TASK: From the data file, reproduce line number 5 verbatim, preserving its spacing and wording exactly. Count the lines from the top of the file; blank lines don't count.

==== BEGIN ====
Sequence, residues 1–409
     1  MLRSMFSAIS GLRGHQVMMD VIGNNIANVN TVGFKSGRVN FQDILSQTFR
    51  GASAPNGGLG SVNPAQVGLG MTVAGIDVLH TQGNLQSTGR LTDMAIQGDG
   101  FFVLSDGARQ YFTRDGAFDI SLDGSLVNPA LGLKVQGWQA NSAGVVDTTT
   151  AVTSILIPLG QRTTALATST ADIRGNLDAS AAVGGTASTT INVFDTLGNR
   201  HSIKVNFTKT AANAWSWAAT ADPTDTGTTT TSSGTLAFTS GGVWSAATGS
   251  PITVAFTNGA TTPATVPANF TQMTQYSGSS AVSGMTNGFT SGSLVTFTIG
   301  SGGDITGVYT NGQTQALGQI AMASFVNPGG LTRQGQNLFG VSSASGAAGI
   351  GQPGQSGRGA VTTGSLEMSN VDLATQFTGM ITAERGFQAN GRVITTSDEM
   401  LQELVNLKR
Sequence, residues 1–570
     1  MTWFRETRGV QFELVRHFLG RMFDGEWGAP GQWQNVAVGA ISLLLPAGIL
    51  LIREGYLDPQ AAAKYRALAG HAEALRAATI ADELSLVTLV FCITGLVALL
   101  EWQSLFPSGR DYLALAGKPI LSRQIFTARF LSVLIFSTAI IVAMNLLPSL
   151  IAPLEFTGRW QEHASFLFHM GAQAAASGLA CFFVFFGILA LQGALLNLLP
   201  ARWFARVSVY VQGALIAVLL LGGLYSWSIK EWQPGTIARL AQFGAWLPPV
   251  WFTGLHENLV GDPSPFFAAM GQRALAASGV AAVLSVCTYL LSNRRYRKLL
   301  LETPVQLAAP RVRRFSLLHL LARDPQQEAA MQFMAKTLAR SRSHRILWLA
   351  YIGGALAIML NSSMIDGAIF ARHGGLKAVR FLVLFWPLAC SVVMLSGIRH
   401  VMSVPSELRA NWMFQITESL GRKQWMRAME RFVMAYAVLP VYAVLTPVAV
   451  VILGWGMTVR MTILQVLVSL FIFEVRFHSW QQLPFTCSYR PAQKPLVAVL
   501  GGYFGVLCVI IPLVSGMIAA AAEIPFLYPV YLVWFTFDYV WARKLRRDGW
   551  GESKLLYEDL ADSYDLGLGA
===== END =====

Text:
   151  AVTSILIPLG QRTTALATST ADIRGNLDAS AAVGGTASTT INVFDTLGNR